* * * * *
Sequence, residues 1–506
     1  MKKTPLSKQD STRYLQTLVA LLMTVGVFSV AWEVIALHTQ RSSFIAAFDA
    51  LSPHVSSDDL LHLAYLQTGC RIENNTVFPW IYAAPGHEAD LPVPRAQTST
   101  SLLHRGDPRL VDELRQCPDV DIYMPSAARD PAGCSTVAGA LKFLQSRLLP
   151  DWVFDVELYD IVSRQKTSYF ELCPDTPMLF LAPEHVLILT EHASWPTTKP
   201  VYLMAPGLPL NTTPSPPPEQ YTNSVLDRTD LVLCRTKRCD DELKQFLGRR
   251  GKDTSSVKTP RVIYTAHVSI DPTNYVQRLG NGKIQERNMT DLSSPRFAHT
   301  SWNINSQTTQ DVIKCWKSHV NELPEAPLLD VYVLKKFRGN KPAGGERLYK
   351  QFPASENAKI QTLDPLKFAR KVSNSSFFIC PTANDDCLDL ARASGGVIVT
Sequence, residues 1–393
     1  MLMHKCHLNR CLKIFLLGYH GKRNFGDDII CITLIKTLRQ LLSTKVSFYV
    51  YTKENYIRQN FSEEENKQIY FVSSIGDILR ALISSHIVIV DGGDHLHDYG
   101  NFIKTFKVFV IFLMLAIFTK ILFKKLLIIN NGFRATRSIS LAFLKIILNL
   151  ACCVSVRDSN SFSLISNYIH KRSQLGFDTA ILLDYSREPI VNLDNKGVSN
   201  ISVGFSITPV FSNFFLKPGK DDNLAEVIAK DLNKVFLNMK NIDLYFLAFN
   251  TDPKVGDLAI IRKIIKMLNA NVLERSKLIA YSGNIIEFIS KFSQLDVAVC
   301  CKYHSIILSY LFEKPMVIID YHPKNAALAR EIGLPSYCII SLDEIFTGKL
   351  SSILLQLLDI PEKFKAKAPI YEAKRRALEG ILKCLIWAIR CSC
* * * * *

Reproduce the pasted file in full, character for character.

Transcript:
Sequence, residues 1–506
     1  MKKTPLSKQD STRYLQTLVA LLMTVGVFSV AWEVIALHTQ RSSFIAAFDA
    51  LSPHVSSDDL LHLAYLQTGC RIENNTVFPW IYAAPGHEAD LPVPRAQTST
   101  SLLHRGDPRL VDELRQCPDV DIYMPSAARD PAGCSTVAGA LKFLQSRLLP
   151  DWVFDVELYD IVSRQKTSYF ELCPDTPMLF LAPEHVLILT EHASWPTTKP
   201  VYLMAPGLPL NTTPSPPPEQ YTNSVLDRTD LVLCRTKRCD DELKQFLGRR
   251  GKDTSSVKTP RVIYTAHVSI DPTNYVQRLG NGKIQERNMT DLSSPRFAHT
   301  SWNINSQTTQ DVIKCWKSHV NELPEAPLLD VYVLKKFRGN KPAGGERLYK
   351  QFPASENAKI QTLDPLKFAR KVSNSSFFIC PTANDDCLDL ARASGGVIVT
Sequence, residues 1–393
     1  MLMHKCHLNR CLKIFLLGYH GKRNFGDDII CITLIKTLRQ LLSTKVSFYV
    51  YTKENYIRQN FSEEENKQIY FVSSIGDILR ALISSHIVIV DGGDHLHDYG
   101  NFIKTFKVFV IFLMLAIFTK ILFKKLLIIN NGFRATRSIS LAFLKIILNL
   151  ACCVSVRDSN SFSLISNYIH KRSQLGFDTA ILLDYSREPI VNLDNKGVSN
   201  ISVGFSITPV FSNFFLKPGK DDNLAEVIAK DLNKVFLNMK NIDLYFLAFN
   251  TDPKVGDLAI IRKIIKMLNA NVLERSKLIA YSGNIIEFIS KFSQLDVAVC
   301  CKYHSIILSY LFEKPMVIID YHPKNAALAR EIGLPSYCII SLDEIFTGKL
   351  SSILLQLLDI PEKFKAKAPI YEAKRRALEG ILKCLIWAIR CSC